Illicit love, madness, betrayal.
It is not good to be the queen.
“Utterly satisfying.” — The New Yorker
Marie Antoinette, Anne Boleyn, and Mary, Queen of Scots. What did they have in common? For a while they were crowned in gold, cosseted in silk, and flattered by courtiers. But in the end, they spent long nights in dark prison towers and were marched to the scaffold where they surrendered their heads to the executioner. And they are hardly alone in their undignified demises.
Throughout history, royal women have had a distressing way of meeting bad ends—dying of starvation, being burned at the stake, or expiring in childbirth while trying desperately to produce an heir. They always had to be on their toes and all too often even devious plotting, miraculous pregnancies, and selling out their sisters was not enough to keep them from forcible consignment to religious orders. From Cleopatra (suicide by asp), to Princess Caroline (suspiciously poisoned on her coronation day), there’s a gory downside to being blue-blooded when you lack a Y chromosome. Kris Waldherr’s elegant book is a chronicle of the trials and tribulations of queens across the ages, a quirky, funny, utterly macabre tribute to the dark side of female empowerment.
Over the course of fifty irresistibly illustrated and too-brief lives, Doomed Queens charts centuries of regal backstabbing and intrigue. We meet well-known figures like Catherine of Aragon, whose happy marriage to Henry VIII ended prematurely when it became clear that she was a starter wife—the first of six. And we meet forgotten queens like Amalasuntha, the notoriously literate Ostrogoth princess who overreached politically and was strangled in her bath. While their ends were bleak, these queens did not die without purpose. Their unfortunate lives are colorful cautionary tales for today’s would-be power brokers—a legacy of worldly and womanly wisdom gathered one spectacular regal ruin at a time.
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praise and reviews
“It isn’t often that one encounters a book that invites the reëmergence of childhood fantasies, then eviscerates them in a few words. Even less common is the book that manages to make the process utterly satisfying. Such is the rush I got from Kris Waldherr’s deliciously perverse Doomed Queens: Royal Women Who Met Bad Ends from Cleopatra to Princess Di…. Doomed Queens is also a concise, humorous, and keenly observed history of women and power…. With all the inane princess stories out there, a collection that highlights the historical downside is a welcome corrective.”
—The New Yorker
“If you need an antidote to the Disney-fied princess culture popular among young girls today, this dishy, irreverent book is it.”
—Atlanta Journal Constitution
“It’s refreshing to read history from a distinctly female point of view…. And to make the book more universally charming, Waldherr has included paper dolls you can cut out and assassinate over and over and over again. Just pick your poison or bonfire or whatever morbidity strikes your fancy.”
“A smart, sassy overview of the ‘dark side’ of the crown and scepter. It makes a girl glad she was born a commoner.”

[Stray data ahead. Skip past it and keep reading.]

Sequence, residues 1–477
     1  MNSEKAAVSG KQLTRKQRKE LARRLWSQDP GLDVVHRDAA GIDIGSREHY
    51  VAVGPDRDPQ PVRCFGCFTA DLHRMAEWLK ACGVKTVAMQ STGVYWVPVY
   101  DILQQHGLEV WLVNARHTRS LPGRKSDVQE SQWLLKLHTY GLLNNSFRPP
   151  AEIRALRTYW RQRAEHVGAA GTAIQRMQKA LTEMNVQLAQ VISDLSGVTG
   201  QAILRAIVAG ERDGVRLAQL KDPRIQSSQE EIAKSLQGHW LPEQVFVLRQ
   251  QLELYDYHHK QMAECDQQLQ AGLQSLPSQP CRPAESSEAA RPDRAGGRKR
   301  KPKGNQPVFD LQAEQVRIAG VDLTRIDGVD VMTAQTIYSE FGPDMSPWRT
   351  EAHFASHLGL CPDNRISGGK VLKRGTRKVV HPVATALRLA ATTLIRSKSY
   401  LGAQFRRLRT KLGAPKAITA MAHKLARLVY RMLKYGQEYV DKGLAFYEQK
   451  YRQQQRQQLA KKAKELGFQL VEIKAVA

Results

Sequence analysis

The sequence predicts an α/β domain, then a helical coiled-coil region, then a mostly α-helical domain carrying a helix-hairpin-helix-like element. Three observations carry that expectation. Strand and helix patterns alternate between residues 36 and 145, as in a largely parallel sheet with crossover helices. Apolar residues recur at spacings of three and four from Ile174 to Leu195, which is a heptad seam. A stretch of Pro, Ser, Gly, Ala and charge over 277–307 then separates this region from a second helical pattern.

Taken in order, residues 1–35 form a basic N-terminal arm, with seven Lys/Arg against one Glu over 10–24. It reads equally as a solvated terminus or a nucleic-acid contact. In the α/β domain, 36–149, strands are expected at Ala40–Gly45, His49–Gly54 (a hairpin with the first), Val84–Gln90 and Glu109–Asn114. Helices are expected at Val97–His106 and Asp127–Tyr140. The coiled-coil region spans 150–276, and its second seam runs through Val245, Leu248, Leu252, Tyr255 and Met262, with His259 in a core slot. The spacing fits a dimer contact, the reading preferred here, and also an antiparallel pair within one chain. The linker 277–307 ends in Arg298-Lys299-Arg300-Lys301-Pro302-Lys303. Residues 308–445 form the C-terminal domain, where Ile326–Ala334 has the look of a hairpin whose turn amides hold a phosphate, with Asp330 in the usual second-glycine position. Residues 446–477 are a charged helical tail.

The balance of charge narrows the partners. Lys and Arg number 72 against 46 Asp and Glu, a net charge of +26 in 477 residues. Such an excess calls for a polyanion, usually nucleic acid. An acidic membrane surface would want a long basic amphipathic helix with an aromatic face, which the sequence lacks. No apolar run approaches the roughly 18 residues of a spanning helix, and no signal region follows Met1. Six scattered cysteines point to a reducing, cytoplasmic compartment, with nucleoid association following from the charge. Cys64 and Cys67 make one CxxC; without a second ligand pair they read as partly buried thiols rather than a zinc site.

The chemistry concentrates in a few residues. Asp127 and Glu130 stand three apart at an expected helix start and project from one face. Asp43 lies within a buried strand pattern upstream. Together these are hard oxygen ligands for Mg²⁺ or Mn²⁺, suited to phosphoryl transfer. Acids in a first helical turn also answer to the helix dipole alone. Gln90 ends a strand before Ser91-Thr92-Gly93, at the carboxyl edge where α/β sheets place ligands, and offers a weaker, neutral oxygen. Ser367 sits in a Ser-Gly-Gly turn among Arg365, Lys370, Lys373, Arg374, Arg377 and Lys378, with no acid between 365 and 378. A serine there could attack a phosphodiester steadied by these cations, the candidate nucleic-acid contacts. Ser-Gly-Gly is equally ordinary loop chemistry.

–Robin Maxwell, bestselling author of Mademoiselle Boleyn
“A fascinating journey through thousands of years of the world’s most dangerous job — being queen!”
–Eleanor Herman, author of Sex with the Queen
“Doomed Queens covers just about 3,000 years of queens who met unfortunate ends. The tales of 50 unfortunate queens’ lives are retold with sassy panache and humorous commentary. To make the book even more fun Waldherr includes a graphics key that alerts readers to the method of doom…. Oh, and did I mention, the book comes with its own paper dolls?”
–The Duchess of Devonshire’s Gossip Guide
“Lavishly illustrated by the author herself, it contains brief biographies (two or three pages per queen) from all eras and continents…. I found the compilation fascinating and was struck by the quality and evocative power of Kris’s artwork.”
–Catherine Delors, author of Mistress of the Revolution
“A wonderful, entertaining non-fiction book for those curious about royalty, or a perfect sidekick for a fairy tale or royal novel.”
—Jennifer Rummel, Teens Read Too
“We have all probably heard the sermon: “those who do not learn from history are bound to repeat it.” Kris Waldherr exposes this truism with biting candor in her new book appropriately titled Doomed Queens. Part cautionary tale, part biography, Doomed Queens is chock full of regal queens meeting not-so enviable ends… at the heart of Doomed Queens is not how queens died, but how they lived. Did Joan the I of Naples deserve the same fate as her husband? Why was the deposed Irene of Byzantium a candidate for sainthood? It’s these types of questions that will have book clubs, classrooms, royalty aficionados and modern-day divas talking.”
—Carlyn Beccia, author of The Raucous Royals
“Waldherr brings wry humor and funny anecdotes for each tale, as well as artwork throughout. It’s a great, short read that will keep you engaged, while providing some very interesting little tidbits of knowledge. Highly recommended to all lovers of history!”
—Passages to the Past
“Extremely fun to read. Waldherr writes like a savvy history buff… with Waldherr’s engaging writing style, I found myself wanting to read more. The illustrations in the book are a mix of historical paintings and original drawings by the author, and each story is topped off with a clever moral, most of which made me smile. Recommended for the history nerd, the feminist, or anyone at all who wants to know more about famous royal women in history.”
—Sacremento Book Review
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